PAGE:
Sunday, April 15, 2012

Return Of The Native To His Mid-Atlantic Constitutional Roots

Gerald Boerner has written an excellent short introduction to John Whiterspoon's star student at Princeton and 'father of the constitution' James Madison.

James Bratt, Professor of History at Calvin College, who once wrote a great book on Abraham Kuyper (he considers the speech Maranatha as best representing Abraham Kuyper's theme, tone and purpose), has an excellent post on Calvinism and politics in the United States. He thinks there were three types of Calvinist politics in early America of which carefull constitutionalism flourished in the Mid-Atlantic states (Pennsylvania, Maryland, Delaware, etc). John Whiterspoon, the successor to Jonathan Edwards as President at the small presbyterian college in  Princeton, is (according to James Bratt) the godfather of this tradition.

Charles Hodge, a successor at Princeton, also stands in this constitutional tradition, argues Bratt:
'Lost in between—and leaving Charles Hodge, quite literally, in tears—was the constitutionalism that middle-state Presbyterians had endorsed as the best means of maintaining ordered liberty in a mixed society.'
This provides a beautiful symbolic context for Republican Ron Paul's return to Pittsburgh where he will speak at the Soldiers & Sailors memorial hall next friday at 7 PM.


Anonymous said...

Hi Vincent-

So, according to you, this is the goal of your blog:

Colored Opinions is a blog exploring the possibilities new media offer to migrants from countries like Congo, Rwanda and Burundi to spread "political" buzz through new media, building long-term visibility for alternative views.

I think this is a fine, if fairly vague, goal and early on you seemed to be reaching it with posts about Rwanda, Congo, Burundi, etc.

Well, I'm curious. What's with all the posts about religion and Ron Paul of late? Have you changed the aim of the blog?

As an avid blog reader, I like to get as many views as possible on your topic de jure and, well, you seem to be fairly off topic of late.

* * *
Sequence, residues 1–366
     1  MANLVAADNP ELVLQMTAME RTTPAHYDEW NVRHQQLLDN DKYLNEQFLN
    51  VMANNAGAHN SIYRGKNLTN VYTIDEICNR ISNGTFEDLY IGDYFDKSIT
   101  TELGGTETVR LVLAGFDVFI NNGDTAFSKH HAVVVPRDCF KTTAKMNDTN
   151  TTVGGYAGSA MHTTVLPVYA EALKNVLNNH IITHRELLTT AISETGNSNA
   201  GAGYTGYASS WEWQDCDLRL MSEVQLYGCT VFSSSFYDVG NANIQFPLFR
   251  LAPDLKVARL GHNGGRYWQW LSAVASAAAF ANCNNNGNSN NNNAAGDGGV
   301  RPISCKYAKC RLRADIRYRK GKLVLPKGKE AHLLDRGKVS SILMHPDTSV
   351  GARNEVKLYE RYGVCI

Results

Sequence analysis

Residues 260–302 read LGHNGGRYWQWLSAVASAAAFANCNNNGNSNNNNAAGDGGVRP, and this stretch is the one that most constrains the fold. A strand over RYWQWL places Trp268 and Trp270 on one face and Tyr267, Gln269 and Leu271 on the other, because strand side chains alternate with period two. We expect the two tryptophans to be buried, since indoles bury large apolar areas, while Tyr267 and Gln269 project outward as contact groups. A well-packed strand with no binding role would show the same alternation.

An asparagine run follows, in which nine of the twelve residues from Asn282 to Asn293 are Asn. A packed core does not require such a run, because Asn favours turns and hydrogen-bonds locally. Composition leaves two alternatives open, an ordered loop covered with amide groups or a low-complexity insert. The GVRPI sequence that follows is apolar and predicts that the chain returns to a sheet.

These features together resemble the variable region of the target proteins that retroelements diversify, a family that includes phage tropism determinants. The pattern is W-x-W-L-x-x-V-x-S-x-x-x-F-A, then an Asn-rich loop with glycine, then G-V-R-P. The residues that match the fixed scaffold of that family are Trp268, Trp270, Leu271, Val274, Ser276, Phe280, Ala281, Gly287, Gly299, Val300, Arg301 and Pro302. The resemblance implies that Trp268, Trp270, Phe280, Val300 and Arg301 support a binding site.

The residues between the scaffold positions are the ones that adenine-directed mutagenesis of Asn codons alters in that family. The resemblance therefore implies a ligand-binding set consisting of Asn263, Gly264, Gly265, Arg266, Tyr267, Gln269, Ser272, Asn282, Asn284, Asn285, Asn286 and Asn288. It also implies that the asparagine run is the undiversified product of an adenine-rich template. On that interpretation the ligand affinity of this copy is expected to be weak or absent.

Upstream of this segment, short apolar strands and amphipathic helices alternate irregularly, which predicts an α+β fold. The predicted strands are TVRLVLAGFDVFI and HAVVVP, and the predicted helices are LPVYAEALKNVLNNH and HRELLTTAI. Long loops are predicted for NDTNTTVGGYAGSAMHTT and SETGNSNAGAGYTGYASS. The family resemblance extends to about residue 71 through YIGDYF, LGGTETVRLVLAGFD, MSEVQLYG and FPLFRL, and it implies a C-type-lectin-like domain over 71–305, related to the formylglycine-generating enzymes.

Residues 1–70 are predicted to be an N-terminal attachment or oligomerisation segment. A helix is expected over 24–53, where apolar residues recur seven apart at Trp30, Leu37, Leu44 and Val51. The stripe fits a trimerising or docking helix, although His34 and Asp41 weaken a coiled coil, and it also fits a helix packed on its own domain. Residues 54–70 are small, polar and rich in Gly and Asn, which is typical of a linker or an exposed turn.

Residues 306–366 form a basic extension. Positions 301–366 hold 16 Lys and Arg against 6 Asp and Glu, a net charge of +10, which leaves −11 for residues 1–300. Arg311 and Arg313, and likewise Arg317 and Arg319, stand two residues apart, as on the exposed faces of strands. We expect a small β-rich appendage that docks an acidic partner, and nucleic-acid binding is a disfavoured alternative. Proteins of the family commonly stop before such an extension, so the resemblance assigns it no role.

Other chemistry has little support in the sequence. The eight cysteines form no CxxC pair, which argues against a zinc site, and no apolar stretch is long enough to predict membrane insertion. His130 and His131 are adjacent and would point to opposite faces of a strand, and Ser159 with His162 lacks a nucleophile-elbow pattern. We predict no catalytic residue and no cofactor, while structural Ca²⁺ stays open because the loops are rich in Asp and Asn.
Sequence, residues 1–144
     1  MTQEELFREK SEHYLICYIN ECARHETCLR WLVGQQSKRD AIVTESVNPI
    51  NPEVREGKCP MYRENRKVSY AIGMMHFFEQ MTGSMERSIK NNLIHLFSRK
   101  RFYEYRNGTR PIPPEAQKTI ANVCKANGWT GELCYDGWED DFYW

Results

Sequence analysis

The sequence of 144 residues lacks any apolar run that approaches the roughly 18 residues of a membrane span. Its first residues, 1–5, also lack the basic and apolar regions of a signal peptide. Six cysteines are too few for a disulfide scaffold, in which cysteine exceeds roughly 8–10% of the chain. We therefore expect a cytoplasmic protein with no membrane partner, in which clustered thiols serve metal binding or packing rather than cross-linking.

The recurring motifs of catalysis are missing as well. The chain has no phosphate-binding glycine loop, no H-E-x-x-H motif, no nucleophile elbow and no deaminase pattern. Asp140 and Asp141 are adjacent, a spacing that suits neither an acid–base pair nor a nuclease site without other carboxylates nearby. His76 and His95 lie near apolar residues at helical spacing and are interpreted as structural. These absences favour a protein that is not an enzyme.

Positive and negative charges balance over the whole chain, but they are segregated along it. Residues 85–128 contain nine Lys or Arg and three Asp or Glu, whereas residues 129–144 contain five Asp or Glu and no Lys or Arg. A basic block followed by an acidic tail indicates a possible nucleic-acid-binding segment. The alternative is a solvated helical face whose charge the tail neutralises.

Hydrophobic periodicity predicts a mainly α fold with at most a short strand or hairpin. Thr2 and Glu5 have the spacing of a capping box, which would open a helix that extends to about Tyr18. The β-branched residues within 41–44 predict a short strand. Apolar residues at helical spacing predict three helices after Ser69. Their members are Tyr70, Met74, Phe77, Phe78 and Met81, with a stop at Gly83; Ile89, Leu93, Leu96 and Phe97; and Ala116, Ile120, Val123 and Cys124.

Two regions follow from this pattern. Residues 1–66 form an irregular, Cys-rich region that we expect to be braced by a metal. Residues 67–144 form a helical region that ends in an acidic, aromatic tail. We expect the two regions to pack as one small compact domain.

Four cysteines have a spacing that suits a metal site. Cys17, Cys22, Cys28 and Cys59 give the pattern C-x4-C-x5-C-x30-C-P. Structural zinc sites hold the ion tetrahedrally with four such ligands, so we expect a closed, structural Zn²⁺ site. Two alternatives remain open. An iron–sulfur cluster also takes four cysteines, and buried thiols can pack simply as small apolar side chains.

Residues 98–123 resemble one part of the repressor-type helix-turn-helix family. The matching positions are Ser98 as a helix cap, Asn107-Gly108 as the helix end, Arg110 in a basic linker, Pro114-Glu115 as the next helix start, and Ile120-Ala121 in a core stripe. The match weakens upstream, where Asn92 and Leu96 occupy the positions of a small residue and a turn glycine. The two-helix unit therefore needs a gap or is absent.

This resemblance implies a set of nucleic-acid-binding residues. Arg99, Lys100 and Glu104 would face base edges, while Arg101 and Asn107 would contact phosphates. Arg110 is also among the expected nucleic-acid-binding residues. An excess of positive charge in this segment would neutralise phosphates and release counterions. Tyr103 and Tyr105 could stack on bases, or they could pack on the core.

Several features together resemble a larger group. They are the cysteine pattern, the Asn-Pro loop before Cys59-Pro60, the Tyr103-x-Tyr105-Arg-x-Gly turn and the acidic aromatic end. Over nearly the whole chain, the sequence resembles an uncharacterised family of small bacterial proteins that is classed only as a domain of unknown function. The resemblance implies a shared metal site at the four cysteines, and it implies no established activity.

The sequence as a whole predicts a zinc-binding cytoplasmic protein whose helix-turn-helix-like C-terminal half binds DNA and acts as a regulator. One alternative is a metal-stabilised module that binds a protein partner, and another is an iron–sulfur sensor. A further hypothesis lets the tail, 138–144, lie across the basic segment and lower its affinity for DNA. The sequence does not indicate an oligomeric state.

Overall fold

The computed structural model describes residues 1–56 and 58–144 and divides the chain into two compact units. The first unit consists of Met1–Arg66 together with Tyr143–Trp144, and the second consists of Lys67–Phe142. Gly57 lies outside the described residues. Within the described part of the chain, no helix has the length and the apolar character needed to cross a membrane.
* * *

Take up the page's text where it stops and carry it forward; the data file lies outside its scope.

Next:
This isn't a criticism for, after all, its your blog and you can do with it as you please, but I am curious to the predominance of posts that are neither about Central Africa or migrants.


Anonymous said...

And to be clear, it is entirely possible I have misjudged the aim of your blog.

I assumed this would be a forum for migrants of the region to freely discuss everything about the region using a "new" medium- blogging.

But, it could also be construed that the aim isn't necessarily about discussing the region for migrants but anything at all- hence your non-regional posts of late.

I guess I'm not clear on the aim hence my seeking clarity...


Vincent Harris said...

Hi Mel,

I do agree that my blog sometimes seems more like a quest for identity.

Blogging on Congo, Rwanda and Burundi was/is for me an 'easy' way to test the possibilities new media offer to migrants to spread alternative views. In that I resemble somewhat the many foreign diplomats and policy makers to which (in my opinion) 'Rwanda is something else then a country on a map, it's a concept that exists in their minds'.

In similar fashion I attempt to reconcile my American Presbyterian and Dutch (neo)Calvinist roots and write my alternative narrative from this 'immigrant' perspective.

I wrote a blogpost on Polish President Donald Tusk which might clarify the aim of my blogging.

The idea to explore the impact of migrants on democratic development at home and abroad through this blog originated after my involvement in the Dutch shadowparliament for development cooperation 'the third chamber' in writing the proposal 'Migrants Ambassadors for democratic development' together with Innocent Nimpagaritse, former Burundi Minister of communication and transport.